Is it often overcomplicated? Yes. Is it overstated? Yes. Is it the buzziest of buzzwords? Probably.
Is it essential to your organization’s long-term success? Absolutely.
Thought leadership marketing is one of those things you hate to love. But, once you know how to use it correctly, it can make a world of difference for your business.
Part of knowing how to use thought leadership marketing is understanding the mistakes to look out for.
The 10 thought leadership marketing mistakes to avoid:
- There’s no executive champion heading up thought leadership.
- The head of thought leadership is unclear about their role.
- The head of thought leadership doesn’t see it as an opportunity.
- Thought leadership goals and business goals don’t align.
- There’s misunderstanding between departments.
- The head of thought leadership is in charge of everything.
- The head of thought leadership doesn’t have allies or ambassadors.
- Leadership gets impatient.
- The program isn’t inclusive.
- Success is measured by the wrong metrics.
Before we jump into the mistakes, let’s get a better understanding of what thought leadership marketing even is.
What is Thought Leadership Marketing?
Thought leadership marketing is an organization’s movement to become an industry authority. Its purpose is to position the organization as a key source of knowledge in order to meet a goal.
Normally, that goal is to increase revenue. Here’s Sweet Fish’s Director of Audience Growth, Dan Sanchez with more on thought leadership:
Unfortunately, many organizations make the mistake of thinking too short-term with thought leadership marketing. It can take a while to see results.
That’s just one of the mistakes a team can make when it comes to thought leadership. Here are the 10 mistakes you should be watching out for:
Mistake #1: There’s No Executive Champion Heading Up Thought Leadership
Your organization’s thought leadership initiative needs a C-suite champion to see success. If leadership hasn’t adopted the idea, how do you expect anyone else to?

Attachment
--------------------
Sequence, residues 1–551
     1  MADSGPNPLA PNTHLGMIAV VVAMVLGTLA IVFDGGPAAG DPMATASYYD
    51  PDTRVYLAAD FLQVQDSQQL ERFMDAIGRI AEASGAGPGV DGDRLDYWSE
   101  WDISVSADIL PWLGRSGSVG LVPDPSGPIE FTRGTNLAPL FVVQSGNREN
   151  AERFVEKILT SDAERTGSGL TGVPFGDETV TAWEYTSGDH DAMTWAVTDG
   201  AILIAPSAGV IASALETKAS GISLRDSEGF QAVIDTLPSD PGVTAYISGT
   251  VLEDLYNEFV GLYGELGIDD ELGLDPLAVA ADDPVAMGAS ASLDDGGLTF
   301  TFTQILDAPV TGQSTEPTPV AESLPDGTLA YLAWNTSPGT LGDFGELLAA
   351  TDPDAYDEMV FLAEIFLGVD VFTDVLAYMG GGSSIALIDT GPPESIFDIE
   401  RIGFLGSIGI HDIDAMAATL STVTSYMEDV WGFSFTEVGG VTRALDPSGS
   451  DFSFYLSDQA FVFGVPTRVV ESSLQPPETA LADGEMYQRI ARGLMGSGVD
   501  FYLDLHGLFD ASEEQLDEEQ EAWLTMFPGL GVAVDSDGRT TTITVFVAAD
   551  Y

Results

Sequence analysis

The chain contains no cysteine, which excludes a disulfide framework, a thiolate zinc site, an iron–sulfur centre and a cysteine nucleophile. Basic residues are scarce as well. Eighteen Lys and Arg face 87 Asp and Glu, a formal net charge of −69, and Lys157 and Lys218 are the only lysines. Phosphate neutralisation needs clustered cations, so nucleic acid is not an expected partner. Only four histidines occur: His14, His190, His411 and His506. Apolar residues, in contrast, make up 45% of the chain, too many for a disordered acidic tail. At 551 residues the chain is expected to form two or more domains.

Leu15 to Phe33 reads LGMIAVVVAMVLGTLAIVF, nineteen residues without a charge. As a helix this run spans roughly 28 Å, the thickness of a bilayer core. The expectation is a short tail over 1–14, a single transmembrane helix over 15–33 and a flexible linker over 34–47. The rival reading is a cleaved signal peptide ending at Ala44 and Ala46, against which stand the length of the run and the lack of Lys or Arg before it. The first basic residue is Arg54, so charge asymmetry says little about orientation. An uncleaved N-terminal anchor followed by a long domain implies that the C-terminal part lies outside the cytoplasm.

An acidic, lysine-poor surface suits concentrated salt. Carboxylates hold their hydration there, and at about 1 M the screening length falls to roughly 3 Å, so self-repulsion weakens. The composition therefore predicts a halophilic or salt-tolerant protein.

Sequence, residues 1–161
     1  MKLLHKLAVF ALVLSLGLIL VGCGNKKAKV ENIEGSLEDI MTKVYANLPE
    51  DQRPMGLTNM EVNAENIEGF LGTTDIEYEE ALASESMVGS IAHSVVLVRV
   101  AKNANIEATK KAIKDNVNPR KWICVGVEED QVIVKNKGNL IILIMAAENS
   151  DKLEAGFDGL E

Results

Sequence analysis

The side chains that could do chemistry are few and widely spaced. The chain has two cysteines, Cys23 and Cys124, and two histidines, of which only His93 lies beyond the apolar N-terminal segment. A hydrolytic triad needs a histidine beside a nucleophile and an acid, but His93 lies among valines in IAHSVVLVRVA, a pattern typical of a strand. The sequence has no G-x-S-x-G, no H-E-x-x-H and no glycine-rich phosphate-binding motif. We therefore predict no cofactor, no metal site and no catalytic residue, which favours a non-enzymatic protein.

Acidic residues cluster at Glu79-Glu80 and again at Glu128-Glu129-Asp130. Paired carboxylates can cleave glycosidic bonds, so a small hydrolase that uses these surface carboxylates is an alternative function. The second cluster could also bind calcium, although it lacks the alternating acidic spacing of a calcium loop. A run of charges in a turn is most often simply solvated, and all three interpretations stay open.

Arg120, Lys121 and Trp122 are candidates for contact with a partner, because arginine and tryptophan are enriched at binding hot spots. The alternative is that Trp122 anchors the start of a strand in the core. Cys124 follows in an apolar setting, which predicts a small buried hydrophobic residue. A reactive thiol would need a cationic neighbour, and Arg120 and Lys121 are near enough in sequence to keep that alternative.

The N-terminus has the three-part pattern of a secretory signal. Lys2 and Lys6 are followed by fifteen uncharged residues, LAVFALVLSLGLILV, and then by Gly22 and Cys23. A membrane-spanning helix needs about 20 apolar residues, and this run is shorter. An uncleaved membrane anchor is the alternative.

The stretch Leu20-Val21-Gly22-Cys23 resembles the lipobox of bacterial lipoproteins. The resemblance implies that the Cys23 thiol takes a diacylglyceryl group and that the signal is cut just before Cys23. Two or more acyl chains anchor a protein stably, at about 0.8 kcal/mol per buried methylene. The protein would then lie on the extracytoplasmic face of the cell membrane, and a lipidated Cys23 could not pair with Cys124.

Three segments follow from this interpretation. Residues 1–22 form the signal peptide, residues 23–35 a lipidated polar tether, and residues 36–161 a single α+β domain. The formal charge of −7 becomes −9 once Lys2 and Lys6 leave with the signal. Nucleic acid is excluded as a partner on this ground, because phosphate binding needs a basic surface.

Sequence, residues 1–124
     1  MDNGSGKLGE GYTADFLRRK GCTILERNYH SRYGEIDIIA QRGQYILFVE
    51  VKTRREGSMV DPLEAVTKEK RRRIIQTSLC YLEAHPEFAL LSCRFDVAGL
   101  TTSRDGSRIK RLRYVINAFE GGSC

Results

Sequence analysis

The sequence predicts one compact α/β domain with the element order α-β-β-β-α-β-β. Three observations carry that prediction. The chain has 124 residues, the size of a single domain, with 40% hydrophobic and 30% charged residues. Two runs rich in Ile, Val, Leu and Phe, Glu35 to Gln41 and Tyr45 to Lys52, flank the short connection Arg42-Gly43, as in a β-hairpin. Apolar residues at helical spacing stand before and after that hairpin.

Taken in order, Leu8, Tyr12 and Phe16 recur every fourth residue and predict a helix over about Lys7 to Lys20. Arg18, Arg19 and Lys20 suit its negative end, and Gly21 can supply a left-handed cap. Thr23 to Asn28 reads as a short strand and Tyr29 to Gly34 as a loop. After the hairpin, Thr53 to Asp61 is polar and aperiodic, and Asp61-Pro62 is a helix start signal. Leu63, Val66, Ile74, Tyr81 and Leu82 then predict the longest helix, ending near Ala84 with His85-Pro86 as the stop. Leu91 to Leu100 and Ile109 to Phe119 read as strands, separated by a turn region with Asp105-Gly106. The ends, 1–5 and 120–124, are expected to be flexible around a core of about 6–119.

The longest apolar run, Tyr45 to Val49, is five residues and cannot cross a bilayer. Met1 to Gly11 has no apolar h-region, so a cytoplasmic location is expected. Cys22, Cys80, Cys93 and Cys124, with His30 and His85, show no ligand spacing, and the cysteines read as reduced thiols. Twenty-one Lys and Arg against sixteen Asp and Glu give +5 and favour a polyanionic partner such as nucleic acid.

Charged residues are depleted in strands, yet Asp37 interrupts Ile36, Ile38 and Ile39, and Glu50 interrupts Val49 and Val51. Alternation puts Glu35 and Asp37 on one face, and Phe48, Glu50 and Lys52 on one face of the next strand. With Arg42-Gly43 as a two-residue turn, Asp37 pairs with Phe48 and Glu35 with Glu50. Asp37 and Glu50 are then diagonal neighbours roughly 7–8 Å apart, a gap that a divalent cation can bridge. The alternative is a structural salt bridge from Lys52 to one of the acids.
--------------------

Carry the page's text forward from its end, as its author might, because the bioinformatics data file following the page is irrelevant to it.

The exact executive who champions the thought leadership program doesn’t matter. Bill has seen everyone from CMOs to COOs do it.
As long as the executive whole-heartedly buys into the idea, the particular title isn’t important.
Mistake #2: The Head of Thought Leadership is Unclear About Their Role
The thought leadership champion can’t be fuzzy on the details of their role.
They should understand how the success of the initiative directly relates to their motivation and compensation. It should be crystal clear how their performance is measured and what it means for the future of their career.
Mistake #3: The Head of Thought Leadership Doesn’t See it as an Opportunity
In the same vein as mistake #2, the third mistake concerns a lack of clarity around the role.
Some executives may see Head of Thought Leadership as a punishment. Or, like they’re being sidelined with a job that has few resources and no real infrastructure.
It should be clear that thought leadership is crucial to the organization’s success. Plus, being the champion of thought leadership is actually a great opportunity that can advance someone’s career significantly.
To see this role as an opportunity, the head needs to be sound on the organization’s overall goals. Then, they can more easily see what KPIs they’re serving.
Mistake #4: Thought Leadership Goals & Business Goals Don’t Align
Bill has seen many companies prioritize the thought leadership asset or event over its outcome. For example, pulling off a conference isn’t the end goal. The end goal is to make more meaningful relationships with current and potential customers.
Sure, it feels good to complete a big project or throw a successful event. But, if those things aren’t serving a bigger business goal, what’s the point?
Bill outlines three categories of goals that thought leadership should serve:
- It can fill up the sales pipeline.
- It can continue conversations and deepen relationships.
- It can influence how the organization, customers, and/or the sector thinks and acts.
Essentially, if your thought leadership program isn’t serving at least one of those categories, you should rethink your strategy.
Mistake #5: There’s Misunderstanding Between Departments
When a thought leadership initiative is new to an organization, it might be that a department (or individual) believed they were already executing thought leadership marketing.
And, maybe they were.
However, if someone is officially put in charge of thought leadership, there needs to be buy-in from everyone. That includes the department or person who might feel threatened by the change.